The day I realized something was wrong with me was the day I stopped being powerless against it. I have the perfect husband, three beautiful boys, and am finally settling into my dream job after years of only fanaticizing about it. I was happy.

But one day I began to notice that sometimes I’d wake up on “the wrong side of the bed.” The air in my house would feel heavy, weighing on me like water that I couldn’t breathe. When my kids wanted hugs, my skin crawled, and when I looked around my house I shuddered under a mountain of work, under the have-nots and what-ifs. I’d go to sleep just fine one day and wake up the next with a darkness enveloping me like a too-tight, too-hot blanket.

Pretty soon other people started noticing it too. My husband began buffering for me. He’d tell the kids “Mommy needs space” when he saw my eyes brim with tears. He’d pull me into a hug when he saw my gaze grow distant, my mouth go quiet, my joy disappear. It would happen overnight, and he noticed that too.

I felt guilty that for a few days every month I hated my life. I couldn’t stand sound; I couldn’t stand to be touched; I couldn’t stand to be comforted. I felt guilty about this secret that I held inside. My bright personality had a dark spot that I couldn’t fight. Something was wrong with me, and that filled me with guilt as well. I’m a young woman with young children. I want to be healthy for them. My family deserves a healthy, happy mama.

Naming the demon

Eventually I began to research this crazy roller coaster that had taken hold of my life and threatened my joy. Through internet searches, online groups, and the Gia Allemand Foundation, I decided to track my symptoms. After three months, I had an answer: Premenstrual Dysphoric Disorder. PMDD. And just like that, my demon had a name.

You’ve heard of PMS. Every kid that takes seventh grade health has heard of PMS. It’s been the object of juvenile jests for years. When a girl has a couple of bad days, her peers–boys and girls alike–attribute it to PMS. When a woman gets overwhelmed in the workplace or loses her wits in the elementary school pick-up line, it’s attributed to PMS. It’s a common excuse for belly-aches, skin blemishes, and behavioral mood swings once a month. As much as people discuss PMS, not many people know it stands for Premenstrual Syndrome. It’s an ailment, a condition, a syndrome. Not something to be slurred, or a label to be ashamed of.

While PMS and PMDD are often confused, downplayed, and laughed at, PMDD is classified as a mental illness in the Diagnostic and Statistical Manual of Mental Disorders, 5th Edition. It is categorized as a depressive disorder which includes the presence of sad, empty, or irritable mood, and cognitive changes that affect the individual’s capacity to function. According to the Gia Allemand Foundation, 15 percent of women with PMDD will commit an act of suicide in their lifetime and still more will experience thoughts of suicide and self-harm. I know of women who have lost their families and jobs because of this illness, and Gia Allemand, American actress and model, lost her life because of it.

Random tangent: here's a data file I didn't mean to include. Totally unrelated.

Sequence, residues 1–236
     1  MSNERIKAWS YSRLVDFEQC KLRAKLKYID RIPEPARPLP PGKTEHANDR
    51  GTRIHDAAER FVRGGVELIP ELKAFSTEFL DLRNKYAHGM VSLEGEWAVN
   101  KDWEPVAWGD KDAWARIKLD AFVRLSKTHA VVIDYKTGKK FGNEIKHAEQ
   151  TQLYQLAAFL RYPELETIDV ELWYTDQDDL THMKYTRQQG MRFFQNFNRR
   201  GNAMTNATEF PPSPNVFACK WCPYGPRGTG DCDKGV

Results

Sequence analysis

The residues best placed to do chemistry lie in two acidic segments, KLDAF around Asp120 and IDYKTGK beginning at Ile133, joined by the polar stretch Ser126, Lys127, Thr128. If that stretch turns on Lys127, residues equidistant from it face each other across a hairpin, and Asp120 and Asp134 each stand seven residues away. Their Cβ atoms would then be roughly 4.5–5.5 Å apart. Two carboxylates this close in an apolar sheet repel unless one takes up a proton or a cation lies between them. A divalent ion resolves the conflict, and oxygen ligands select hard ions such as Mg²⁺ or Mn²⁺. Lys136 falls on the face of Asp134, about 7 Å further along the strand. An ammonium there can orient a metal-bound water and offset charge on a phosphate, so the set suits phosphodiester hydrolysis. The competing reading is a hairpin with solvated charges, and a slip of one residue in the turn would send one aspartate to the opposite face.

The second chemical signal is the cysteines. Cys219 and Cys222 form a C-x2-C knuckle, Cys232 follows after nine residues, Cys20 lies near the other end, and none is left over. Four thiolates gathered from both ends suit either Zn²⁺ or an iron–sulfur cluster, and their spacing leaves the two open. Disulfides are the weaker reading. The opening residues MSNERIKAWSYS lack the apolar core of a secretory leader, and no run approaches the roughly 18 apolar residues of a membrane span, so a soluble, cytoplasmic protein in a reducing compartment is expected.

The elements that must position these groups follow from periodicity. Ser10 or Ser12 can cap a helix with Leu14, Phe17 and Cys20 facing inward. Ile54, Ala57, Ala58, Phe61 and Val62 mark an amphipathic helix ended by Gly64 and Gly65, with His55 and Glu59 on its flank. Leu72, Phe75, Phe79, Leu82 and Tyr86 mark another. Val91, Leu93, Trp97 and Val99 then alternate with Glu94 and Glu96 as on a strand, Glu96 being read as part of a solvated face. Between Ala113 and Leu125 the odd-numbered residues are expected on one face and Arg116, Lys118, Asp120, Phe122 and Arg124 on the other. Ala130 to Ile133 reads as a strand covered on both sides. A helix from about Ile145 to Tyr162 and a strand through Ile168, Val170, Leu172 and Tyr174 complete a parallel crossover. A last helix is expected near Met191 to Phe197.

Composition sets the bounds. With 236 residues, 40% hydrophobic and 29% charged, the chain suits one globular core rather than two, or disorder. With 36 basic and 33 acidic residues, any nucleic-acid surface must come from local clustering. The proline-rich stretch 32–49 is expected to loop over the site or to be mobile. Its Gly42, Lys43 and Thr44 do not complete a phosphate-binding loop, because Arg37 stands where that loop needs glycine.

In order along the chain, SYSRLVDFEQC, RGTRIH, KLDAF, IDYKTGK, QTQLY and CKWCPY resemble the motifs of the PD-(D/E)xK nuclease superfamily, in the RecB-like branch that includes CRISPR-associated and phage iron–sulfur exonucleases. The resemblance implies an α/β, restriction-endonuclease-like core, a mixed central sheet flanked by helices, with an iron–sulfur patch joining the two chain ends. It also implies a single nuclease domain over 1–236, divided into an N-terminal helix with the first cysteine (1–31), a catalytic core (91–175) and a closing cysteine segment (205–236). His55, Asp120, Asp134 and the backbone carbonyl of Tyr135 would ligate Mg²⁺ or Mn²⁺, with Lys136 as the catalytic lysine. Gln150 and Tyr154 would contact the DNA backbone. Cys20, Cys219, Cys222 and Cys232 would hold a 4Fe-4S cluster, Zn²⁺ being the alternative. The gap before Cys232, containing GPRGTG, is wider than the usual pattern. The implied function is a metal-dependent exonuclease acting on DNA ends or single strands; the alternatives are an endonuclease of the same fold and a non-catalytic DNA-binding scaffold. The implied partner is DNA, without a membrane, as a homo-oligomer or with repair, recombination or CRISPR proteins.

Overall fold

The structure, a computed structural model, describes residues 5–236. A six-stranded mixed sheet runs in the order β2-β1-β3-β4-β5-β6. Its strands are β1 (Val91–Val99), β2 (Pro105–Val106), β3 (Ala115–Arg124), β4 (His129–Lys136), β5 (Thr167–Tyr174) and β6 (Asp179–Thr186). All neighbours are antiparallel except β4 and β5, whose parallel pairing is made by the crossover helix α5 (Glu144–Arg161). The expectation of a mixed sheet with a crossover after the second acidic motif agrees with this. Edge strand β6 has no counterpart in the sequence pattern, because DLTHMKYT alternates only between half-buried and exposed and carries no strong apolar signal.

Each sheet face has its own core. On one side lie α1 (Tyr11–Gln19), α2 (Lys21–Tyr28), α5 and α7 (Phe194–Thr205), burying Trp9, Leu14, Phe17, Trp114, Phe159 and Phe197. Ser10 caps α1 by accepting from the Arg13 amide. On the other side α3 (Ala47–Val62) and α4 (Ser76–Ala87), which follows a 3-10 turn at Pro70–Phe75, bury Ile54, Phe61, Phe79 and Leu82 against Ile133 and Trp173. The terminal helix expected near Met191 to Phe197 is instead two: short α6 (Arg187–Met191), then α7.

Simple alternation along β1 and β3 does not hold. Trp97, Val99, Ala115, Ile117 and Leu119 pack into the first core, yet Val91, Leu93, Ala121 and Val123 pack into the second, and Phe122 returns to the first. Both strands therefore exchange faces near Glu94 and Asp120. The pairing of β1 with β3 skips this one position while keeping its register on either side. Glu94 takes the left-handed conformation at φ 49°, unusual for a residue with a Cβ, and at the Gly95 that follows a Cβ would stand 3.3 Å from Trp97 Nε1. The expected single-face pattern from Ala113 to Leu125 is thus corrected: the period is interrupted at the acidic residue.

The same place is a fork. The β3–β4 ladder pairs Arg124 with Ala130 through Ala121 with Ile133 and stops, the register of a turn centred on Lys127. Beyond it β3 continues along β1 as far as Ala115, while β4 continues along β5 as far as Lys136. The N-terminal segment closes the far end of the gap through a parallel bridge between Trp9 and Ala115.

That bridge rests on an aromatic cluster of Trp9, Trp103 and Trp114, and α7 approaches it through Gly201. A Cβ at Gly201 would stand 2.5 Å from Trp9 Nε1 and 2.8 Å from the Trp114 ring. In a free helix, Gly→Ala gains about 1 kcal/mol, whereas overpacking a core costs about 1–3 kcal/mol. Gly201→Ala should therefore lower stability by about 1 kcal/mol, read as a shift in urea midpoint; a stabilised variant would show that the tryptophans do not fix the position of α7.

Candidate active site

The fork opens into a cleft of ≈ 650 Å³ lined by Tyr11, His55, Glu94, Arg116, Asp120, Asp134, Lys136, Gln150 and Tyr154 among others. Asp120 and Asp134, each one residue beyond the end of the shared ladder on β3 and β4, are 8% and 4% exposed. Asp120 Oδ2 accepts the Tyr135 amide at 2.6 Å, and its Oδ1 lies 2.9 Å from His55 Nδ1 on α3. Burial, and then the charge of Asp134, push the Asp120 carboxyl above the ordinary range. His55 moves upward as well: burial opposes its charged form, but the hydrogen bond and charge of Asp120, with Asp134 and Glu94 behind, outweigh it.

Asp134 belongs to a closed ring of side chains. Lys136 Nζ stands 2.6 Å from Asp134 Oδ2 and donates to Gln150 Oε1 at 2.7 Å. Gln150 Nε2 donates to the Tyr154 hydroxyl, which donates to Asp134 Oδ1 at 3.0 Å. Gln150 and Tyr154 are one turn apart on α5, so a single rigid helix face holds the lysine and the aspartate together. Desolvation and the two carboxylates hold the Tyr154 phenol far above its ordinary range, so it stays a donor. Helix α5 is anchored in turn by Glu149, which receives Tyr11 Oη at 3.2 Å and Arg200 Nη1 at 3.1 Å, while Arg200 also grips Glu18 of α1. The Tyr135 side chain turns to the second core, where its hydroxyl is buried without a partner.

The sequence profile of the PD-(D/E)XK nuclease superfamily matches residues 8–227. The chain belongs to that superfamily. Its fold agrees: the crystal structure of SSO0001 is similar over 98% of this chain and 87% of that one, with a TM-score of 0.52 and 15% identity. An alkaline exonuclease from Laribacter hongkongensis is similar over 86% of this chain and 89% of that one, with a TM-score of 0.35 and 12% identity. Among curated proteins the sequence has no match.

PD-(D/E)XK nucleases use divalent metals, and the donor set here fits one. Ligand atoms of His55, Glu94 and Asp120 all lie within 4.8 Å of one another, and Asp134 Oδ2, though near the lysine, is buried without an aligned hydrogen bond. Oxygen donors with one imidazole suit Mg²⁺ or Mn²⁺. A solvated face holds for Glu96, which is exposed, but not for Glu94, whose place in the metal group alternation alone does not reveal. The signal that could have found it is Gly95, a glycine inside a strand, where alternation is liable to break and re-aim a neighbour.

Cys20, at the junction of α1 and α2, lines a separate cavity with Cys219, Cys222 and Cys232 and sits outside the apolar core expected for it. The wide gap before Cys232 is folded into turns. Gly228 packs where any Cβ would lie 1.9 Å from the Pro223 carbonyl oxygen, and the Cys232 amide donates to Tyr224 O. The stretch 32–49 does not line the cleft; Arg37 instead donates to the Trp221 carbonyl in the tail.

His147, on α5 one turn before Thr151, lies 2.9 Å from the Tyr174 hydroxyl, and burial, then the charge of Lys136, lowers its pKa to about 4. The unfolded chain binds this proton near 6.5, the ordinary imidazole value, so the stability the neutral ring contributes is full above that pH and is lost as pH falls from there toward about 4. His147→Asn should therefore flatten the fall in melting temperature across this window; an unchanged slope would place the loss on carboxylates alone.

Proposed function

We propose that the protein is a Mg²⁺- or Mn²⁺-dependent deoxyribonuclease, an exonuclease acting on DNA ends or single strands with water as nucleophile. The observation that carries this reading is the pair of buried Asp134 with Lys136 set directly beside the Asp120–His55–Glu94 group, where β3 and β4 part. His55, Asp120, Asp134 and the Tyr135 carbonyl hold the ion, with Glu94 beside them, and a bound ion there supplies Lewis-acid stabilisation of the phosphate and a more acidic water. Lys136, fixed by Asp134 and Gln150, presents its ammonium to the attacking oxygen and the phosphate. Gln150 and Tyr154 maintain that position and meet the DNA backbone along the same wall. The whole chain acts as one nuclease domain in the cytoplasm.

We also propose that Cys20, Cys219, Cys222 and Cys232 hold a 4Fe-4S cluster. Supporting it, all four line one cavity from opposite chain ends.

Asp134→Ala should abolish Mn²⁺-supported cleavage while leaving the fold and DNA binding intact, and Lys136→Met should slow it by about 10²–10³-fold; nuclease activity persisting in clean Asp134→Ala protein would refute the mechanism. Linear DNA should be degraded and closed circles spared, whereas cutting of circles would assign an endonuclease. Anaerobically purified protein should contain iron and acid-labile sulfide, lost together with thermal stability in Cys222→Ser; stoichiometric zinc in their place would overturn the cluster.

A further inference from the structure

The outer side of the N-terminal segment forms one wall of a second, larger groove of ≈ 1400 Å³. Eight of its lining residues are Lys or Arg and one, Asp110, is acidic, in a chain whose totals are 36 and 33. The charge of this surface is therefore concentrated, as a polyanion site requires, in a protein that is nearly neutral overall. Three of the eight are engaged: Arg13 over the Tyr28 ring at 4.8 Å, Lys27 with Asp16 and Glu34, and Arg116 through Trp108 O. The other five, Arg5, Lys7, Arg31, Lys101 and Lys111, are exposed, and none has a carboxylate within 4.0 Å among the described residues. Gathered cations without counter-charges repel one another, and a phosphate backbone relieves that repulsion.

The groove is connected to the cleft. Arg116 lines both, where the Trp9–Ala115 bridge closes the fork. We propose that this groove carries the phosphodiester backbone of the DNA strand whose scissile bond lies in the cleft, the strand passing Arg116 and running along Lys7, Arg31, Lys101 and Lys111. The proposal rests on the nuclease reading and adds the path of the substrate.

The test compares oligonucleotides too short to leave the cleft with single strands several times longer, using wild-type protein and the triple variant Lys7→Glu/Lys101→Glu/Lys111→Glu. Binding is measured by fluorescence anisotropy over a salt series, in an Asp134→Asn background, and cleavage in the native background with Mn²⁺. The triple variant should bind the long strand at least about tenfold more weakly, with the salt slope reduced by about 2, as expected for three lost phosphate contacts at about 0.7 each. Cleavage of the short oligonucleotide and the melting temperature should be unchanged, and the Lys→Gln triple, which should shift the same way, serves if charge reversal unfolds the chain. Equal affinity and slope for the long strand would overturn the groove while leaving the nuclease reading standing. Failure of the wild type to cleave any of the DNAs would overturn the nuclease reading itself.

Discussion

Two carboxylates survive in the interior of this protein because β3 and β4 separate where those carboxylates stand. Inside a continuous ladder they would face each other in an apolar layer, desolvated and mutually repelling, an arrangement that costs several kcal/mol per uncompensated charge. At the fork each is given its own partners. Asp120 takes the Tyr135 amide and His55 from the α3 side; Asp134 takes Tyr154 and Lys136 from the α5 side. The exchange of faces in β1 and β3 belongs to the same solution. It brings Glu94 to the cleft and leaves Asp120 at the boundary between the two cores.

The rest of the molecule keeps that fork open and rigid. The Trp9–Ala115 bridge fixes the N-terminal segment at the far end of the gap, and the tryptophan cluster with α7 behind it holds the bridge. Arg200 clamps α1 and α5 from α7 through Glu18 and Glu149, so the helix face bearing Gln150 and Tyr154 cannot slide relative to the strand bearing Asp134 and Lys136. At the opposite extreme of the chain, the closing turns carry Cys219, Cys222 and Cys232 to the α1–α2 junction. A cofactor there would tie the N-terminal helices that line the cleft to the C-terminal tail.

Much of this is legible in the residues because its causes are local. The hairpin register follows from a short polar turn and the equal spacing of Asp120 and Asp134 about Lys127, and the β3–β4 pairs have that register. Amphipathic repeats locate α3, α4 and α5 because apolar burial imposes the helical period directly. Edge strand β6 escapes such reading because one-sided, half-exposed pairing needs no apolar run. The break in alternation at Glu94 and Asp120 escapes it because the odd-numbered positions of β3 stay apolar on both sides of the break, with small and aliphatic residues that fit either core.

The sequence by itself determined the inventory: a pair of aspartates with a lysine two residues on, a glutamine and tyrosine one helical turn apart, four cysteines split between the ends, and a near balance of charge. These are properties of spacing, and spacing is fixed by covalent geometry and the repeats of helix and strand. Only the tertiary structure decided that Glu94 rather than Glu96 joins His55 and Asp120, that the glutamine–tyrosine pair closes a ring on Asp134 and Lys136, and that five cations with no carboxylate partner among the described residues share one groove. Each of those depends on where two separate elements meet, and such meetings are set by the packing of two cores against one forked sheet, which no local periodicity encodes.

Choosing light

There are 5 million women in the U.S. with PMDD, and even more men and women who suffer from depression in general. Despite these high numbers, it’s still not talked about. It’s still not okay to say you’re not okay. If I tell my mom, my sister, or my pastor I’m depressed, they’ll assume I’m unhappy. How would I tell my husband? Won’t he think I don’t love him anymore? How do I tell my kids “Mommy just needs a minute—just, please stop touching me?” Won’t they wonder when it’s okay to love me, when it’s okay to care enough to offer a sloppy, four-year-old kiss and when it isn’t?

As soon as I started talking about my depression, my shoulders got lighter. When I opened the door and let the light in, the darkness was still there, but at least I could see the light. I have a new appreciation for God’s Word. When He told Eve all those years ago, “I will greatly multiply your sorrow and your conception; In pain you shall bring forth children,” I don’t think He only meant labor pains. My mood disorder is directly related to my sexuality as a woman. It’s directly related to the hormones that I share with Eve, and it’s a direct result of sin on this earth just as every other illness is. This world is not my home, and PMDD doesn’t define me because when I go home to live with Jesus, I’ll have a new body—one that doesn’t hate me, and one that I don’t hate.

Just as it’s important to understand yourself and your family, it’s important to be sympathetic to others. In a time and place where 43.8 million individuals in the U.S. experience some form of mental illness in a given year[1], it should not be taboo to speak up about depression. It should not be shameful to mention a friend with schizophrenia. It should not be a whispered threat when so-and-so came home from war with PTSD. This is the world we live in. It’s ugly and it’s sinful, and full of sadness. The only cure is Jesus’ soon coming. That is the light I shine on my darkness.

Oct. 2-8 is mental illness awareness week.

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